Disposition Hearing

If you’re charged with a Class 4 felony or something lower, you will probably proceed next to a disposition hearing. A disposition hearing for a felony in Colorado usually occurs within 30 to 45 days after that initial appearance.

That’s because the court wants to give the prosecution and defense sufficient time to come to a plea agreement.

If that doesn’t occur, the date for your trial will be set at this time.


It’s at this point in the Colorado criminal court process that you will be asked to enter a plea of not guilty or guilty. The reason why so many people confuse it with an advisement is because you will receive further information at this point about the charges you face and the potential penalties they entail.

You can also enter a plea of no contest. In terms of potential sentences, these two pleas are the same. However, your lawyer may recommend you make a plea of no contest as it will not have the same binding effect as a guilty plea would in civil proceedings.

Pre-Trial Hearing or Pre-Trial Conference

Between your arraignment and the motions hearing in Colorado, there may be various court appearances.

In the case of pre-trial conferences, it’s an opportunity for those with misdemeanors to negotiate with the prosecution.

Note: pre-trial conferences are a good example of why it’s so important to hire a competent attorney. You don’t want to speak to the prosecution by yourself as you could unknowingly say something that ends up hurting your case.

Motions Hearing

Almost every case that is set for trial will be preceded by a motions hearing in Colorado. This is when a judge will listen to your motions and rule on them.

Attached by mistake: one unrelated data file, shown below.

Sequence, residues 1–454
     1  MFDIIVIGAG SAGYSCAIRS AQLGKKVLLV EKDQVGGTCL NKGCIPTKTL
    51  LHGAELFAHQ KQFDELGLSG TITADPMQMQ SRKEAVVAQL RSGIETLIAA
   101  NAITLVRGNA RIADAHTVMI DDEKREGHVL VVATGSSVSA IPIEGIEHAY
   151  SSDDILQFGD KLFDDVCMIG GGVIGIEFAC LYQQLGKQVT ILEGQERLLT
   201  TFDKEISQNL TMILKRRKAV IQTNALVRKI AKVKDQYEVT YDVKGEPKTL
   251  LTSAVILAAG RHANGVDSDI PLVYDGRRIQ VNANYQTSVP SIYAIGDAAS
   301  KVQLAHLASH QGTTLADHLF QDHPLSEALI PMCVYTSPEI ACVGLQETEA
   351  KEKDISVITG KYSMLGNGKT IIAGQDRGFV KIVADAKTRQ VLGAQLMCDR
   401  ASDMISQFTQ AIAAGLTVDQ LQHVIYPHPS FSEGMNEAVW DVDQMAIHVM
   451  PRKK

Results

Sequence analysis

One example of a common motion by the defense would be asking the judge to rule on evidence that was obtained without a warrant. Another one would be a motion to prevent statements from being heard that you made to police before being advised of your right to remain silent.


Finally, the Colorado criminal court process enters into the actual trial. Depending on the charges, your case may be heard by a judge or a judge and jury. Anyone charged with a misdemeanor is entitled to a trial by a jury made up of six people. If you’re charged with a felony, Colorado law increases the number of jurors to 12.

In either case, the judge or jury will be charged with deciding if you are innocent or guilty of the charges brought against you. If you face more than one charge, you may be found innocent of some but not others.

If you are having a jury trial, there will also be a step prior to that called “jury selection.” Essentially, the prosecution and defense need to come to an agreement about who will serve on the jury.

The basic sequence for a jury trial in Colorado then looks like this:

  • Opening Statements by Both Sides
  • Presentation of Witnesses and Evidence
  • Closing Arguments by Both Sides
  • The Judge’s Instructions on the Law to the Jury
  • Deliberation and Decision

While a jury is generally advisable, there are some times when it may actually make more sense to request a judge and waive a jury instead. An experienced attorney will know when this is the right idea. This is often recommended to people who have lengthy criminal records as a judge may do a better job of weighing the evidence whereas a jury may be more likely to assume guilt right away.


Unless you are found not guilty, the final step in the Colorado criminal court process will be sentencing. This is when the judge announces what they have decided what your punishment will be. Their options are limited to what Colorado law designates for each conviction.

Sentencing is also a hearing, though, as your defense attorney and the prosecution can both make arguments to the judge for what they think your punishment should be. Your attorney will bring up reasons it should be as low as reasonably possible while the prosecution will push in the opposite direction.

Don’t Go Through the Colorado Criminal Court Process Alone

As you can probably tell, though the Colorado criminal court process is designed with the assumption of innocence, it’s still extremely complicated for those who aren’t trained lawyers.

This is why you shouldn’t go through it alone. Instead, let Geman Criminal Defense represent you during this challenging time. We offer a free initial consultation and walk you through all of your options so you feel comfortable moving forward.